As soon as we stepped out onto the streets of Florence, we noticed that the city was very tourist friendly. There was a lot of space for pedestrians and much less traffic. There is even room for babies in strollers. Florence is also cleaner than Rome, although there was still graffiti present in a few areas.
In many ways, Florence is like San Francisco. It’s much more relaxed and chill compared to Rome. We stayed in an area called Santo Spirito, a lively area that many young people like to flock to, especially on weekend nights. The Piazza on a Friday night felt like Dolores Park in SF - drunk people everywhere and people walking their dogs (at night with their friends for whatever reason). Florence seems like a more tourist friendly city, especially as we heard a lot more English speakers than in Rome. Even Italians themselves like travel to Florence for vacation purposes. Many exchange students go to Florence to study the art, which also explains the abundance of young tourists.
Refreshing cocktail from Langolino Gastrobar Firenze
The weather was also perfect - not too hot and not too cool. Also, thereisn’t much humidity when it comes to Italy - it stays pretty warm and dry during the summer seasons.
You have to pay for water when eating a sit down meal in Italy (and it’s the same for various other European countries). They’ll ask if you want still or sparking water. It can be anywhere between 1.50 to 6 euros. It’s usually a 750mL bottle, but we’ve gotten small 300mL bottles as well. You can always ask for wine instead if you’d like :) Also, for any sit down place, they will give you bread without asking - but usually it’s not complementary, and it’s typically rude not to accept it. You could think of these “extra" charges as the “tip", as you don’t need to tip in Italy.
We were also quite surprised by the fact that dinner tends to start around 8pm for Italians (for lunch, it is 1230). They enforce this pretty well. Even restaurants that open at 730 - you will never see any locals come that early. 830 is actually the norm. We actually went to a Michelin star restaurant the other day - an 8pm reservation. No other groups arrived there until ~830-9pm. (We almost thought it was a tourist trap until we realized how “early" we were haha).
Rabbit antipasti at our 1 Michelin Star restaurant
The Michelin Star restaurant (called Della La Bottega Del Buon Caffe) was not bad. It reminded us of our experience at Heirloom Cafe (in the Mission of San Francisco). Very eccentric tastes from the dishes presented to us. We decided to get a la carte despite the popularity with the 6 course meal, and also being new grads in their 20s, we wanted to be cheap. What was nice was that we were able to taste a mixture of plates instead of getting the standard meal. We got quite a few complementary starters, as well as complementary dessert. I’ll leave out the details for my Yelp review, but overall it was a refreshing experience from the high amount of rich meats, pastas, paninis, and pizza we’ve been munching on.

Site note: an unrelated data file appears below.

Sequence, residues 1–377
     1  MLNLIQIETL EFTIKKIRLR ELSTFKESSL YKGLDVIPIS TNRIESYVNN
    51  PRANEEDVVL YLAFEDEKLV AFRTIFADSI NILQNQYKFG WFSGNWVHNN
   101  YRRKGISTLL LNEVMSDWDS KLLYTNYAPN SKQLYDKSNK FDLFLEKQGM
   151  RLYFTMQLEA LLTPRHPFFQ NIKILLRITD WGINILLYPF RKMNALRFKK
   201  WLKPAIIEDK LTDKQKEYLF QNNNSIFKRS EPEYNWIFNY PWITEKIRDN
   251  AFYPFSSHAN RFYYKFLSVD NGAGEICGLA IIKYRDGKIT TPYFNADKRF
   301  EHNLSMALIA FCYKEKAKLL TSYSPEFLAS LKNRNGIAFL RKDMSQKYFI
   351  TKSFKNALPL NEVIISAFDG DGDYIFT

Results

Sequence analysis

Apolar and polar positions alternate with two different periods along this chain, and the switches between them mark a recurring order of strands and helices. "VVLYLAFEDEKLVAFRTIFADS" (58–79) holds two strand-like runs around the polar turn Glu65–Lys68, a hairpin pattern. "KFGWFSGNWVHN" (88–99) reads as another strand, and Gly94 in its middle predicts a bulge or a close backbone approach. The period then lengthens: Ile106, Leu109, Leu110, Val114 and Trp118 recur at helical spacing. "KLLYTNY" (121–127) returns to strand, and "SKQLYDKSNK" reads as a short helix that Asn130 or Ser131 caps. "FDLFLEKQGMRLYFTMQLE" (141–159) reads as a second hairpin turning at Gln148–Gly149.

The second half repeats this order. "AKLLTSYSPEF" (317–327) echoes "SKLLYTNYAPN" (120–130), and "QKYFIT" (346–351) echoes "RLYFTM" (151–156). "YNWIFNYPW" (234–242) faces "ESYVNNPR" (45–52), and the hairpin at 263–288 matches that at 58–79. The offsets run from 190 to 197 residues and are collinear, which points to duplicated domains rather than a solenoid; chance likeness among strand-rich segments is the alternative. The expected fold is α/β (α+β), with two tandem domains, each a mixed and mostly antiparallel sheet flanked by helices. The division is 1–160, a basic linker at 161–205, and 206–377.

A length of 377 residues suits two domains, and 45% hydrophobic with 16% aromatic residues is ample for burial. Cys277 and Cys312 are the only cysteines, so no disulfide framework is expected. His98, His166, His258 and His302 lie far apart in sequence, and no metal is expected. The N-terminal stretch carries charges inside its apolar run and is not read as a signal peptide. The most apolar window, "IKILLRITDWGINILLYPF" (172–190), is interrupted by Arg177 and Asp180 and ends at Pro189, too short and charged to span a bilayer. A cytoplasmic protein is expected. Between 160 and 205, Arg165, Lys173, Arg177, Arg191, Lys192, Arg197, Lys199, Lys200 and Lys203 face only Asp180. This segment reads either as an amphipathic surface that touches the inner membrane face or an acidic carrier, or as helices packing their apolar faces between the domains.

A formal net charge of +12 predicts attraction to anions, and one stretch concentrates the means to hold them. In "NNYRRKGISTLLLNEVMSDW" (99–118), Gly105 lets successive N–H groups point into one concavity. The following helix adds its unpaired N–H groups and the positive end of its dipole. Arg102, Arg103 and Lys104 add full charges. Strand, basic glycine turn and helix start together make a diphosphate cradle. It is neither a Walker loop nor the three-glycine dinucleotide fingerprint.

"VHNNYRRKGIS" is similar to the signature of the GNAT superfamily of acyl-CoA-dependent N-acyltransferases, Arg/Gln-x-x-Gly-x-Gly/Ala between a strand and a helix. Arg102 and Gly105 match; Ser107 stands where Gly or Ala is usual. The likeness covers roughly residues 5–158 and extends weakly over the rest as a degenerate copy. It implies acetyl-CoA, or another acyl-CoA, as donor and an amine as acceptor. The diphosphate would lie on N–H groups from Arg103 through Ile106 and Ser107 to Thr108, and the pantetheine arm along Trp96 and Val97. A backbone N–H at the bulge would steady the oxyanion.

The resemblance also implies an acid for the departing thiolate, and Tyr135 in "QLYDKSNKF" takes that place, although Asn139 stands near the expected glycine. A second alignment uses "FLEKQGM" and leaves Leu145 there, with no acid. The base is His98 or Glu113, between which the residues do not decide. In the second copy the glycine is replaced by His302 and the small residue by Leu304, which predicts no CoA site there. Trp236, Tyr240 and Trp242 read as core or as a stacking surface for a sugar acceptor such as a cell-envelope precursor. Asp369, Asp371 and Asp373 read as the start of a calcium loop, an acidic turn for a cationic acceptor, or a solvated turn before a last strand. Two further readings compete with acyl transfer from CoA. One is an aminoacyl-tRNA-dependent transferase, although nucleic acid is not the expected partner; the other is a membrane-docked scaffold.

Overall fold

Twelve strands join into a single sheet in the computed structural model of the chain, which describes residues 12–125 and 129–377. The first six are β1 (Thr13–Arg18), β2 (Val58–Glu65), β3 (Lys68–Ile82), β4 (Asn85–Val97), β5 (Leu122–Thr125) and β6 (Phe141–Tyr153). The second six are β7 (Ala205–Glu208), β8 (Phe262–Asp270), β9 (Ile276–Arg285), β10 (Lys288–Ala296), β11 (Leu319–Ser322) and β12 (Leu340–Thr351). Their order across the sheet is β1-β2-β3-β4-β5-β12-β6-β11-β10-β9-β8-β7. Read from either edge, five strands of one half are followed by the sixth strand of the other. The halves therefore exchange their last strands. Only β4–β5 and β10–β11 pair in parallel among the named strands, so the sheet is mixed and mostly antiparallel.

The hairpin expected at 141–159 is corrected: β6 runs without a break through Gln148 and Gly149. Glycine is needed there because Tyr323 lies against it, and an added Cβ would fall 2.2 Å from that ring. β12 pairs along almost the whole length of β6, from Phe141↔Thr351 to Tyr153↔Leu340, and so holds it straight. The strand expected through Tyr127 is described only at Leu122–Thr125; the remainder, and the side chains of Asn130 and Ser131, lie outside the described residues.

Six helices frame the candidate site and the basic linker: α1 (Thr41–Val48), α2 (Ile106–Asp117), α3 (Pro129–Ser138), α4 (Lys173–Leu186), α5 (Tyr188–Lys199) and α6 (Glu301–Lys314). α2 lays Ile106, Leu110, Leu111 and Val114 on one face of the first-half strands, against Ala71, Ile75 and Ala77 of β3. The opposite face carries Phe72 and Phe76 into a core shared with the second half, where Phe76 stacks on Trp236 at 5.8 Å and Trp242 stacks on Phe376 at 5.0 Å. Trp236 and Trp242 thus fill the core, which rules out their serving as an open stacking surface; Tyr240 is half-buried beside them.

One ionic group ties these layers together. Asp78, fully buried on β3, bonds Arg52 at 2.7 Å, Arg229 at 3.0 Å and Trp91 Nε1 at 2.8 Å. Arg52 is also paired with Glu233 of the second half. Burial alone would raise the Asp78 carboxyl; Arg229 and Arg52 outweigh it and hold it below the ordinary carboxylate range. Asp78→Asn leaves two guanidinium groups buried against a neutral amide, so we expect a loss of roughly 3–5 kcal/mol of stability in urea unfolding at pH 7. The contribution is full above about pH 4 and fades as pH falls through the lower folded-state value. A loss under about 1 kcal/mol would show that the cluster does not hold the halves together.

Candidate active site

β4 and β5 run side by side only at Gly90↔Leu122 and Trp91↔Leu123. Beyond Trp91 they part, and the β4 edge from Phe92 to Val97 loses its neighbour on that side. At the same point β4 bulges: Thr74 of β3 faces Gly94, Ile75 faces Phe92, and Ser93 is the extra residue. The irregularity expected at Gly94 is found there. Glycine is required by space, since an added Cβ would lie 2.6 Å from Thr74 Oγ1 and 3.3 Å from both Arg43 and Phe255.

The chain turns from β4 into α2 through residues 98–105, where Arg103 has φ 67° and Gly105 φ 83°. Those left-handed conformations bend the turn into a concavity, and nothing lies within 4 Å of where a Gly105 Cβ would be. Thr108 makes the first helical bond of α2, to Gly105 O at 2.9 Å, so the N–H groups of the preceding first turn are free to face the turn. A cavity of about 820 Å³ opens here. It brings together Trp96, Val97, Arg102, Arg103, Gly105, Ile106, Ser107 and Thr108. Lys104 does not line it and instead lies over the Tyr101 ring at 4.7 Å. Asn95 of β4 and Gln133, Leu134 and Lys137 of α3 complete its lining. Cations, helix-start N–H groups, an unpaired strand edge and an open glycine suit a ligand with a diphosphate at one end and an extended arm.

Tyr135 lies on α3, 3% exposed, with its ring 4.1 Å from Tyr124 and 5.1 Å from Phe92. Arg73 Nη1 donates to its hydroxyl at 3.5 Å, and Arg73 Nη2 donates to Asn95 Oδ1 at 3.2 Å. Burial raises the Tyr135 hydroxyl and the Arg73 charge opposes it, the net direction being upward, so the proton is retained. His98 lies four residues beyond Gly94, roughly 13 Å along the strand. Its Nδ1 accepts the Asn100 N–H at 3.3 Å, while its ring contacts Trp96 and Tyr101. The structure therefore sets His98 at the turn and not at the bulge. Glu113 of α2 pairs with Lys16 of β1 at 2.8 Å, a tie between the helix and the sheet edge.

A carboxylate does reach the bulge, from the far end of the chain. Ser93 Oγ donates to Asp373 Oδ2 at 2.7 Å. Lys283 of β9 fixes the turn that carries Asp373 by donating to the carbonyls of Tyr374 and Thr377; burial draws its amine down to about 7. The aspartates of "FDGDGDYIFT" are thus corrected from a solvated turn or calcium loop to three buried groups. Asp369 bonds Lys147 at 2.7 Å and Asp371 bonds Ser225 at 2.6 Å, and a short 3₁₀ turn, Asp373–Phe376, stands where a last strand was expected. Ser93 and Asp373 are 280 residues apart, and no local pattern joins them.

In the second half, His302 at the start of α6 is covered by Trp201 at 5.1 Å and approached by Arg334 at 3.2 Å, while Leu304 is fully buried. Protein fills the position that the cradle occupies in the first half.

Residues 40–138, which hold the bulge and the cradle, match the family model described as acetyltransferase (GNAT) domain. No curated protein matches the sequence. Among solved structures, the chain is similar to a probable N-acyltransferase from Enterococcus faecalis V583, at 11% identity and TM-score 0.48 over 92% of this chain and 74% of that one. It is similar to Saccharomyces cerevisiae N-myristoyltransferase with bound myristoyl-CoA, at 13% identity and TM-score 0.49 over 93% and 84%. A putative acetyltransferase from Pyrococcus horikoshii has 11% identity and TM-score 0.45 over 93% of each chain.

We got to Florence by Train with ItaliaRail. Because we booked the tickets early, we were able to get first class seats for a pretty decent price. First class was relaxing and quiet, with some seats unfilled in our carriage. You also get complimentary drinks and a ton of luggage room.
Florence itself can be explored entirely by foot. It’s a small city. Busses exist but they are fairly small (quite adorable). We are now leaving Florence to Venice by ItaliaRail, this time in second class. The seating isn’t as nice and it’s a bit noisier as seating is completelyfilled up. It reminds me of a typical airplane ride in economy class (except on flat land of course). There’s a snack bar in the next carriage. The window scenery so far is mostly large fields and passing through a couple of cities (incl. Bologna).
Statue of David by Michelangelo
Florence is much less crowded than Rome; there were also very few tour groups. The Accademia (which has the real David statue) and Uffizi Gallery are must-sees, with some great Rick Steves audio guides. We thought the Pitti Palace wasn’t that great. There was a ton of art cluttered across every wall in every room. Without a guide, it was tough to stay interested. Unfortunately we got the wrong museum tickets and could not enter Boboli Gardens despite us residing so close to them. Due to the lack of crowds, we concluded that it wasn’t worth it anyway.
Tom Hanks through the sea of fake tourists
Other than that, there’s the Duomo and beside it the octagonal Battistero di San Giovanni. We very coincidentally came to Florence during the week that Ron Howards & crew were shooting the film, Inferno. We got to see Tom Hanks on a couple of occasions walking through a crowd of fake tourists between the Duomo and Battistero. It was hilarious to see how they depicted tourists: hats, selfie sticks, running shoes, sunglasses.
Anonymous basilica in Florence
There are an endless amount of churches & basilicas to see. Most of them are grand and beautiful, full of history.
Speaking of selfie sticks: Rome had a TON of selfie stick sellers. And everyone bought them, too! It’s your typical Monopod brand, though the ones being sold have the headphone jack attached so you don’t need to purchase the extra bluetooth button. Florence had a few sellers, too, but they were not as aggressive as the Rome sellers who literally pointed them in your faces “Selfie? I can give you discount".
We didn’t get a chance to do any shopping in Rome (which would be located near the Spanish Steps), but shopping is a lot more welcoming in Florence - the reason, again, being that vendors are much less aggressive.
Overall Florence was a nice relaxing stop on our 9-city journey and I’d recommend it to those who are looking for a laid back experience.